Temporary orders for custody, support, alimony, mortgage payments, medical payments, visitation, restraining orders and other relief may be requested at any time between the time you start your case and a Judgment of Divorce is entered. A temporary restraining order restrains a party from doing something. There is typically a restraining order restraining a party from selling, disposing or dissipation of assets.
Temporary orders of child support are usually based on a state formula. Generally, alimony is based on needs and ability to pay. The life-style of the parties is also taken into consideration. In regard to child custody disputes, there are many factors listed in the child custody act. The procedures and preparations of such a case are much too involved for this discussion and are left to further discussions with your attorney.
The Court may also award temporary fees to assist a party with their costs of obtaining counsel. This relief is usually obtained in the same way as any other motion and may be part of a motion requesting other relief, but the Court rarely grants these motions.
This period is usually spent in defining the issues and trying to resolve them. We also attempt to find the net worth of the parties and the general financial status of the family. Interrogatories may be sent out requiring answers under oath from the recipient, which may, in part, request complete financial data. Depositions may be taken (with consent of a client) to obtain further information from the other spouse or those that have the needed information. Appraisers, actuaries (if pensions are involved), accountants or psychologists may be used (with the client's prior consent).
If settlement is not reached, the Court may appoint a mediator to help resolve the matter or the parties may agree to a mediation. If no agreement is reached, the mediator files a report with the Court and the case goes back on the regular trial docket.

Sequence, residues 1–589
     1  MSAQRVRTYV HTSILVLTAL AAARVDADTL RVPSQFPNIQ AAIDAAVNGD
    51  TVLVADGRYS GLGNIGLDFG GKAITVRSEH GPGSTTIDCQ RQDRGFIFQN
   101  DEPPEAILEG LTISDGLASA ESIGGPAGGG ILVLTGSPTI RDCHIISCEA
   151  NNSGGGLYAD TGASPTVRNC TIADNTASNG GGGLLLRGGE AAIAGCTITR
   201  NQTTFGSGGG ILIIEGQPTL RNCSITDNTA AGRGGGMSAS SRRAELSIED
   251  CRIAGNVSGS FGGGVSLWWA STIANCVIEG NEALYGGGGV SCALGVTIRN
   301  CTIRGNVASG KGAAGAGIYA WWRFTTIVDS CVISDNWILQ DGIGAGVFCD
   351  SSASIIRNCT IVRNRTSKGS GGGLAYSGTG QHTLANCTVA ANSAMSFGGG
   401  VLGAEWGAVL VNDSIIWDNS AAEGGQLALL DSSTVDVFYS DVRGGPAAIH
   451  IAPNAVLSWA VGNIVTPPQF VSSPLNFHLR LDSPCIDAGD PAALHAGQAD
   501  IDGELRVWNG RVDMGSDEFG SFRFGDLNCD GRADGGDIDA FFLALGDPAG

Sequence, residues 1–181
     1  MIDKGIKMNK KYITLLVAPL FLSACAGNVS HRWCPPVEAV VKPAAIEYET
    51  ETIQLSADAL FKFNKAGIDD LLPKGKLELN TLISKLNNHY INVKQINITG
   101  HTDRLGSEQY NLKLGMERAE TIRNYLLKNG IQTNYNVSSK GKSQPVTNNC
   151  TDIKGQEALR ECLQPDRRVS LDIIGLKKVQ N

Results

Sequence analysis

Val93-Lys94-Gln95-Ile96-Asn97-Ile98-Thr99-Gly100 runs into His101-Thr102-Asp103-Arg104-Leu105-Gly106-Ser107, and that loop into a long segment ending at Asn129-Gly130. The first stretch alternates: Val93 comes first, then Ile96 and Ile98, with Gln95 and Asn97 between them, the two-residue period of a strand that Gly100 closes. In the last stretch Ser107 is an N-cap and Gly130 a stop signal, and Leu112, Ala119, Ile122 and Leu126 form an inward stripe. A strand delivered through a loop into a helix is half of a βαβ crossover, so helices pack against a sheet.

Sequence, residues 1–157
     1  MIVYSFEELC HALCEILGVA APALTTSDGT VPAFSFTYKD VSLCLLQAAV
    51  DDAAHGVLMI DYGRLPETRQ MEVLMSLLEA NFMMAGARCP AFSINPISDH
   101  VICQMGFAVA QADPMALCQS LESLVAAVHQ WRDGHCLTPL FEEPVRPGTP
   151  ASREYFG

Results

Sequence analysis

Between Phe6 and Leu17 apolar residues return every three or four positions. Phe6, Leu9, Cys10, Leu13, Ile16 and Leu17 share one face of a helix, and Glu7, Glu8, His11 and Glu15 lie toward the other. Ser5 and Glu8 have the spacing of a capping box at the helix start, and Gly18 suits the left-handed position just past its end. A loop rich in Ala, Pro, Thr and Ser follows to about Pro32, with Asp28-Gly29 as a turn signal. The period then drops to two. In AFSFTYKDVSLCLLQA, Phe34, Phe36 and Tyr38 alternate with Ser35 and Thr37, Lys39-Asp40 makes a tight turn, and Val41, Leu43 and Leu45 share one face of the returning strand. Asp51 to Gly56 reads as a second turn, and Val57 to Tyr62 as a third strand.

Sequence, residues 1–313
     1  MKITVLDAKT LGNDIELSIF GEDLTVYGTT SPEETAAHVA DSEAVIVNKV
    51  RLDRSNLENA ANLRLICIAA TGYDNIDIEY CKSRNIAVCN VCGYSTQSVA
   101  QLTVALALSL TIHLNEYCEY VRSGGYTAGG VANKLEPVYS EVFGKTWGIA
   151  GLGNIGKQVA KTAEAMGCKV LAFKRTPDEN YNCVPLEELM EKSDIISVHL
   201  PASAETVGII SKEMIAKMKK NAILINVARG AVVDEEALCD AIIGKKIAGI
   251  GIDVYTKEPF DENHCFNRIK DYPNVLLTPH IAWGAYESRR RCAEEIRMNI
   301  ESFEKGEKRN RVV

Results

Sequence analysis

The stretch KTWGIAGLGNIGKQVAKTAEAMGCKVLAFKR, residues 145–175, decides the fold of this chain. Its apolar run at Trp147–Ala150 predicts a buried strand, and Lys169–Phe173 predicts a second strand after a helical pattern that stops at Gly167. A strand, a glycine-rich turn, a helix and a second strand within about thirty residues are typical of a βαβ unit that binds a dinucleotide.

If settlement is reached, the parties will be asked to sign a property settlement form containing the provisions of the settlement, or they may be asked to approve the final Judgment. Further, the parties may be required to approve the settlement in Court, before the Judge, after it is placed on the record.
The Judgment Entry of Divorce is the most important document you will receive. After a settlement is reached and/or the case is tried, the Judgment of Divorce will be entered by the Court, as your final decree, granting you a divorce. It will also contain clauses dealing with such matters as alimony, custody, child support, visitation, insurance, dower rights, property settlement and other miscellaneous clauses. If a settlement has been reached, you must carefully read and examine this Judgment, and have your attorney explain it to you before you approve it.
Alimony (or spousal support) is a sum of money usually paid by one spouse to another spouse for the support and maintenance of that spouse. Some factors considered by the Court when awarding alimony may include:
Generally, Judgments of Divorce in which alimony is not granted must either expressly reserve the question of alimony or rule that neither party is entitled to alimony, and that the Court will not reserve jurisdiction to ever grant alimony.
Regular or periodic alimony is usually taxable to the recipient, and is deductible by the payor. The phrase "payment until death" must be part of the alimony clause, if it is to be considered as taxable alimony. This type of alimony is not subject to a bankruptcy action. It may also have qualifying clauses such as "payable until remarriage or cohabitation."
There are many tax consequences and restrictions regarding alimony which should be explained to you by your attorney or your accountant. As tax laws and their interpretation continually change, as well as State laws and their interpretations, your attorney cannot guarantee any tax consequences resulting from your divorce proceedings.
Alimony is usually paid through the CSED. This enables a party to obtain an accurate record of these payments. Also, it makes it easier to request assistance from the State in the event that payments are not forthcoming, or if a spouse denies receiving said payments.